Retro Review Speaks to Allister Brimble
We spoke to the exceedingly talented British video game composer Allister Brimble. Discussing his contributions to the video game industry and his Kickstarter project The Amiga Works.
Allister Brimble Interview
First of all, it is great to be able to talk to the man behind the music. I have been listening to your album throughout the day and it brings about some serious nostalgia for someone like myself; who grew up playing many of the games you created music for over the years. How did the album come about and when is it due for release to the public to get their hands on it?
Over the years I’ve had many requests from Amiga Fans to recreate my early work. I had already created two albums, but it felt like CD sales were at an end so I didn’t think there would be much of an audience for this. Recently, however, the great Amiga musician, Chris Huelsbeck discovered Kickstarter and won backing for his Turrican Anthology. He did incredibly well and showed that there are still many Amiga fans alive and well out there! I followed him with my own Kickstarter project, “The Amiga Works” which secured enough backing to press at least 1000 CD’s, along with posters and a USB stick. The official release to the public will be on the 21st of October.
How was music for the Amiga produced back in the day and what programmes did you use for the new album?
In the Amiga times, most of my music was produced in a program called Soundtracker. The Amiga could play 4 channels of sampled sound at once which was staggering for the time! However, these restrictions meant you had to think really carefully about the compositional structure of the music, using every bit of those four channels to make a full sound. Today I have the opposite problem in that I can play as many sounds as I want and I have to keep it pegged back to only what is needed, skills learnt on the Amiga! The new album was produced on Cubase with the very latest state of art sounds but always keeping in mind that the original tracks were produced in four channels.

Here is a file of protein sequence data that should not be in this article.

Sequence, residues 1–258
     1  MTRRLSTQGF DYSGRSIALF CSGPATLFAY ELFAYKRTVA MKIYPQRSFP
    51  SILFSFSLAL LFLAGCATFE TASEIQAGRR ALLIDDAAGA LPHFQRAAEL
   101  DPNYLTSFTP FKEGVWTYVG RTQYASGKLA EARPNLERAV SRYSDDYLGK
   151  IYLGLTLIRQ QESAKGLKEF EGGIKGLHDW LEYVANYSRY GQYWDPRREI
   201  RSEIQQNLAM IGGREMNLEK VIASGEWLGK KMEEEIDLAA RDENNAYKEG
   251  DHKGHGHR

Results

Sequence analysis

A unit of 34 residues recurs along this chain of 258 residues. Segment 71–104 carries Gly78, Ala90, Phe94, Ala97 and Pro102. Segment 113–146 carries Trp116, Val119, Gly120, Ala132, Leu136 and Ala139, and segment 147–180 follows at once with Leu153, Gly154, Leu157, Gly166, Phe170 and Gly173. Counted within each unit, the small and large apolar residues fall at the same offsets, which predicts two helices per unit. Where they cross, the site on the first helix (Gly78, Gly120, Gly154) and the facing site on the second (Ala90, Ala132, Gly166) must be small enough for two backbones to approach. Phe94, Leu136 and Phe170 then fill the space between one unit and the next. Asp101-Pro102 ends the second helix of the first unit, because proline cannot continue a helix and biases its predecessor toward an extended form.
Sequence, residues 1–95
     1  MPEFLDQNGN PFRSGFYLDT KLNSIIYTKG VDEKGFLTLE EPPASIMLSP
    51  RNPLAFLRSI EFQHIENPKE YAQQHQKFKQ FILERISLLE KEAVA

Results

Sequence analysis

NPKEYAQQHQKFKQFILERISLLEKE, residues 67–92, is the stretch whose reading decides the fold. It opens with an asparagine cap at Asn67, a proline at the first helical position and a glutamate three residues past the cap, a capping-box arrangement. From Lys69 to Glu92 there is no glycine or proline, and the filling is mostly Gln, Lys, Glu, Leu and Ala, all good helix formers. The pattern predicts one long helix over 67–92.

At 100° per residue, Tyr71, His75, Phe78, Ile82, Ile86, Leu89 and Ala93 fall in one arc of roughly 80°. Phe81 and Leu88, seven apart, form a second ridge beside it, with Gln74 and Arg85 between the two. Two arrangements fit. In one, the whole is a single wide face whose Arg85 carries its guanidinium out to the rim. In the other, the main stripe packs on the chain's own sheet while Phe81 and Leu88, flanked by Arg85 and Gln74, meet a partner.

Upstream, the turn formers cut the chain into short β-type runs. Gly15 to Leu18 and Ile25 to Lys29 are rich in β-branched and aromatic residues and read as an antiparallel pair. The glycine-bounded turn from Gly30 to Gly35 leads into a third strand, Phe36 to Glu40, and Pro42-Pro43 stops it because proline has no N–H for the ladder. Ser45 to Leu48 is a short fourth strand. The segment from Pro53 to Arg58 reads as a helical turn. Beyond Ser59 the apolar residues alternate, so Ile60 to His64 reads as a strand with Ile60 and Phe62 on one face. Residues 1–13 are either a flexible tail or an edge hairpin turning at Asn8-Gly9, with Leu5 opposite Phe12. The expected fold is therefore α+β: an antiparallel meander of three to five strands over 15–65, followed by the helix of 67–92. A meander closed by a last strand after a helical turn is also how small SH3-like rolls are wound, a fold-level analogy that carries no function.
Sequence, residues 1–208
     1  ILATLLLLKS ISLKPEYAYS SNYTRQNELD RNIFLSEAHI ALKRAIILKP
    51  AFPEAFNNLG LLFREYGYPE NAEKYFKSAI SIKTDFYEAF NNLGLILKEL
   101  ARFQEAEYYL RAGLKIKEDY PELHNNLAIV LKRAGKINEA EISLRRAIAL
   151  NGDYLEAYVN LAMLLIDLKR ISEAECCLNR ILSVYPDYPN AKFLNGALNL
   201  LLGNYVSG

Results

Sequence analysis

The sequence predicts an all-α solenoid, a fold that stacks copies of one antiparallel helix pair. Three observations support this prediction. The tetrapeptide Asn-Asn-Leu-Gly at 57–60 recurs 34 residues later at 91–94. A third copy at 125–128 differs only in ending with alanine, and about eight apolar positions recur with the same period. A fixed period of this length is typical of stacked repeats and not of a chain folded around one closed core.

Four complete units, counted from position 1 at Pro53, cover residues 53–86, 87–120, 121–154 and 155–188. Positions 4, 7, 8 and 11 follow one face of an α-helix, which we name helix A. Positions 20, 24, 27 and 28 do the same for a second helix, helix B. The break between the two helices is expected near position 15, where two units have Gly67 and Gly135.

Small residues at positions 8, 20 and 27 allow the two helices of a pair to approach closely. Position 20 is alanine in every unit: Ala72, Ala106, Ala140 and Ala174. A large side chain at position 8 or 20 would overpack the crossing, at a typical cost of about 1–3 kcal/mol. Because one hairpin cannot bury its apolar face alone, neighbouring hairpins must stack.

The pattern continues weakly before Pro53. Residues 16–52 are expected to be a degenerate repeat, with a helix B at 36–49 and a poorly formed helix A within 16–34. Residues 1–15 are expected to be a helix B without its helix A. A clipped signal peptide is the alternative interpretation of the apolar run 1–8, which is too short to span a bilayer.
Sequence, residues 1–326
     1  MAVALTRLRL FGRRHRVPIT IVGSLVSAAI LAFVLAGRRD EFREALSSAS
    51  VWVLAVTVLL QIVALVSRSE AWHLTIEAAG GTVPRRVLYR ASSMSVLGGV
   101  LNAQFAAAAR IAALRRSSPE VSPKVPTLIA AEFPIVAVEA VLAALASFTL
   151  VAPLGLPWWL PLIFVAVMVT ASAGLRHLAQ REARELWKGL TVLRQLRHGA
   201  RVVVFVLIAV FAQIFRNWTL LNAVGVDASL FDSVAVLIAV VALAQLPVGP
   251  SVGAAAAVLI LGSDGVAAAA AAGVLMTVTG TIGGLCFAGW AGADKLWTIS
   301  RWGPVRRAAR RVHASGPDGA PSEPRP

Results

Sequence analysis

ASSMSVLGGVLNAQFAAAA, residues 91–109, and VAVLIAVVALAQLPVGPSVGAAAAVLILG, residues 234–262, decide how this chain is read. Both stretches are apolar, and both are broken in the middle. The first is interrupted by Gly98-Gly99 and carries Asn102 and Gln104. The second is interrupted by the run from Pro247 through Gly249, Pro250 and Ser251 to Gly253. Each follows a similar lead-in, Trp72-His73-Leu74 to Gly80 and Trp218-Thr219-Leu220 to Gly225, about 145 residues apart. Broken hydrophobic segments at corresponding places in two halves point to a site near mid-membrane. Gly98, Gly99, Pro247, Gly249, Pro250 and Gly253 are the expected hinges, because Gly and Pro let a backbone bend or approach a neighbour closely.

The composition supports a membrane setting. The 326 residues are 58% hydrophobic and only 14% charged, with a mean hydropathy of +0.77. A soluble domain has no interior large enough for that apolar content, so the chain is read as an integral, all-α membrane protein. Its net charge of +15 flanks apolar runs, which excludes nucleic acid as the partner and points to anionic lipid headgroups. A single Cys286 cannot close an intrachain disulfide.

Do you get a copy of the game without the music to work with or do they just give you a concept to roll with when you create your music?
We (myself and musical partner Anthony) normally get on board at a late stage so the game is almost there. There’s no sound at all. We are often given some direction from the project manager or designer and try to mould that around what we think is right for the game. As well as music we also create the sound effects which are half the fun.
How much freedom do you get with your projects? Do you get a super detailed brief or do you have full creative after playing the game?
Normally the project manager or game designer gives us a brief which often includes several links to the various music styles they might be interested in. Rather than take these too literally we often try to put our own slant on it in order to match the game perfectly. Whilst the project manager wants to have their input it’s also important that we put in our own ideas as we can often come up with something better. Occasionally we have to peg our ideas back a bit but in the end, we make sure everyone is happy.
Looking over your years of music what soundtrack did you enjoy making the most?
Probably Driver for the PlayStation One; they were 8 channel XM’s and I really had fun researching the 70s funk style. I watched every 70s cops and robbers series around! I also had a lot of fun doing Screamer for the PC where I used a live guitarist for the first time!
That sounds like good fun. Where do you get your inspiration from when writing your music? Are there any musicians that have influenced you over the years?
Inspiration in my early years came from the great C64 and Spectrum musicians such as Rob Hubbard, David Whittaker & Tim Follin. Jean Michel Jarre also influenced me greatly during the Amiga years. Also, you may hear a little bit of the Knight Rider theme in many of my tracks! Recently I have got into film music a bit, and particularly like what Hans Zimmer is doing with films like inception.
My favourite song on the new album hands down is the Amiga Never Dies track, can you tell me a bit more about it?